About Creation

Age of Audience: For all ages / Nudity

Number of Performers: 1 persons

Number of tour member: 4-5 persons

Stage Size: 6m (W) x 8m (D) x 3m (H)

Special Made for: This production is suited for either indoors or outdoors, ideally at an ambient temperature of 26 degrees Celsius. 110v power is required.

The start of an ongoing series entitled Su Pin-Wen’s Feminism, a Three-Year Project, “Girl’s Notes” is an adaptation of a book of the same title, first performed in 2018. Artist Su Pin-Wen offers a “book review” through body movement, recalling past personal experiences and commenting on the appearance of contemporary females. Throughout the entire performance Su balances balances a book on his head entitled “The History of Beauty.”


Su Pin-Wen describes himself as a “feminism artist, dancer(?), a person of free will, flexi-vegan, and skoliosexual, who is often mistaken as male by name.” Su sees dance as a conceptual art, and not merely about beauty and aesthetics. His recent work includes a series titled “Su Pin-Wen’s Feminism, a Three- Year Project,” which he performed at the Taipei Fringe Festival. About his work, he writes that “the audience just loves to see ‘her’ naked body. That’s all.”

In the context of contemporary Taiwan, how do you view the relationship between feminism and creating?

I use feminism to inspect the body politics shared between society and the individual for my work, and this includes studying Taiwan’s gender cultures and issues related to the body. The saying “the personal is political” applies well to me. Instead of catering to fixed ideas, I’m hoping to speak for people through art, and to allow for separate spaces for thought when it comes to body consciousness and feminism. I’ve always been curious about what it would be like if Taiwan had feminist performance arts, and I’ve always had kept this question in mind as I work..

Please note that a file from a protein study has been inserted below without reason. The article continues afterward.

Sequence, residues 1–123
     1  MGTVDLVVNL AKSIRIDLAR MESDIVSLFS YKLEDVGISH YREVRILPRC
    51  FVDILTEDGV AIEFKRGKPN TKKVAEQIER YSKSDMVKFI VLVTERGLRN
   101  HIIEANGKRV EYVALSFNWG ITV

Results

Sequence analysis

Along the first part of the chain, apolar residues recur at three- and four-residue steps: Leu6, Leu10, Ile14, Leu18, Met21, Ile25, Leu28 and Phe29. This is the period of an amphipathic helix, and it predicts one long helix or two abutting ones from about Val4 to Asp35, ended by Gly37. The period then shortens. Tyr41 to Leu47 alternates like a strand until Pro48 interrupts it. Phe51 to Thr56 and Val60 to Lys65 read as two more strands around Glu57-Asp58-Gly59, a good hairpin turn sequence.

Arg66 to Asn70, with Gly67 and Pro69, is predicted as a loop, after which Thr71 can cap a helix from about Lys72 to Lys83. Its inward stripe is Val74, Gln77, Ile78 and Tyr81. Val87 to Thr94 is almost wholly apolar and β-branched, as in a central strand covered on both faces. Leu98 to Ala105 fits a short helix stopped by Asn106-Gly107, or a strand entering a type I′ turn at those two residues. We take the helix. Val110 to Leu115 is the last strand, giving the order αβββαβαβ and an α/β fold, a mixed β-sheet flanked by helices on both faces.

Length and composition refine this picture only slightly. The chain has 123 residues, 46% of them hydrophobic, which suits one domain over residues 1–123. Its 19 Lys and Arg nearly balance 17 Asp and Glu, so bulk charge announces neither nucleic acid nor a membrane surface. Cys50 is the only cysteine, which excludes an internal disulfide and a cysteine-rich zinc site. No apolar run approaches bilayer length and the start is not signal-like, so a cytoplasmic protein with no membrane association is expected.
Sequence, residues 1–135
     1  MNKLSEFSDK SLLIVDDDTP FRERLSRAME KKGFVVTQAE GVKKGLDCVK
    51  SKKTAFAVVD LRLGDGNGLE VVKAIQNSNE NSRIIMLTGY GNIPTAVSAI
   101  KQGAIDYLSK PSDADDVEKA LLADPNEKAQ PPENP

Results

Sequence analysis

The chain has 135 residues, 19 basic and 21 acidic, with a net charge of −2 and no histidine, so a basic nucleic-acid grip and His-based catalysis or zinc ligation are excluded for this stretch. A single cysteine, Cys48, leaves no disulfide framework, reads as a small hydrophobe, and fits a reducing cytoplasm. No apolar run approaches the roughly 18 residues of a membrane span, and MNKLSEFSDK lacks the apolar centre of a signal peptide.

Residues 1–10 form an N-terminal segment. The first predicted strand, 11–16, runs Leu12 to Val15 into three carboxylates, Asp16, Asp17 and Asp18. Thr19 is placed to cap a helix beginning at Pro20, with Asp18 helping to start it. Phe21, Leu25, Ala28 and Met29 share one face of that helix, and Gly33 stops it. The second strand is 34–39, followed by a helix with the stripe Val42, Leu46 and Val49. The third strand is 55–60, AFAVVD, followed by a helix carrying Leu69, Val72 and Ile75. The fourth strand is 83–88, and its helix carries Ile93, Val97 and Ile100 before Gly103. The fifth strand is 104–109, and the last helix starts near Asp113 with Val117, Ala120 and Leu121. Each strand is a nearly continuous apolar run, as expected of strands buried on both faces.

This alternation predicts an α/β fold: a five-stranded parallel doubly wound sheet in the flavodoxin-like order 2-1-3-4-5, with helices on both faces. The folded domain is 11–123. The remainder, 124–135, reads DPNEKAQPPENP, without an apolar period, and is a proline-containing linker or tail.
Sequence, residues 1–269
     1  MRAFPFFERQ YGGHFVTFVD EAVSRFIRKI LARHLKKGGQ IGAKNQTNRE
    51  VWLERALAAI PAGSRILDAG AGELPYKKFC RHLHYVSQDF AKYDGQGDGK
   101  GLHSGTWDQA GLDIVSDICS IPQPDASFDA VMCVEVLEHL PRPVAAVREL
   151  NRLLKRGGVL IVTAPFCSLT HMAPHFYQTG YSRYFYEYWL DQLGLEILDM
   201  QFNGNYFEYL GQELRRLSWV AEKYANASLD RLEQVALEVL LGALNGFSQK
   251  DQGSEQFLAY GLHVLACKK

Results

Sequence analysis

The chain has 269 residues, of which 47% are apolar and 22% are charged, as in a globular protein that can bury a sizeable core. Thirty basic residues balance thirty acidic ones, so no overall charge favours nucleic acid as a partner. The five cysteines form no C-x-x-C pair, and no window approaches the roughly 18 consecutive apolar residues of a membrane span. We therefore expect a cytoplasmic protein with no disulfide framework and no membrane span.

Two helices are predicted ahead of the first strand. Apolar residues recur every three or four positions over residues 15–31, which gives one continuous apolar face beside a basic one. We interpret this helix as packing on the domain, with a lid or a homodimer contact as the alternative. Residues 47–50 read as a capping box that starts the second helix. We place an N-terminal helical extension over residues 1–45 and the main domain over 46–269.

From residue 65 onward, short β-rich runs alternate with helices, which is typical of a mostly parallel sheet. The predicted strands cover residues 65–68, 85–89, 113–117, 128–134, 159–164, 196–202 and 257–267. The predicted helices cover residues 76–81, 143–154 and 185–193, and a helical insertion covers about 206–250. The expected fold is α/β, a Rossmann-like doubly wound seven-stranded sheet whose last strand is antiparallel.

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Is it taking action in performing this piece of work?

Of course it is taking action. Strictly speaking, a feminist-based work is concrete action taken after considering feminism(s) ideas; in practice and performance, the body, on a spiritual level, should serve as the ultimate companion and supporter. But we also should consider that “Girl’s Notes” becomes meaningful once the audience’s consciousness is awakened. When people begin to ponder a work and take action on their own — action in any form — then the piece has done its job. This premise has also influenced the methods I employed in creating “Girl’s Notes”.


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Su Pin-Wen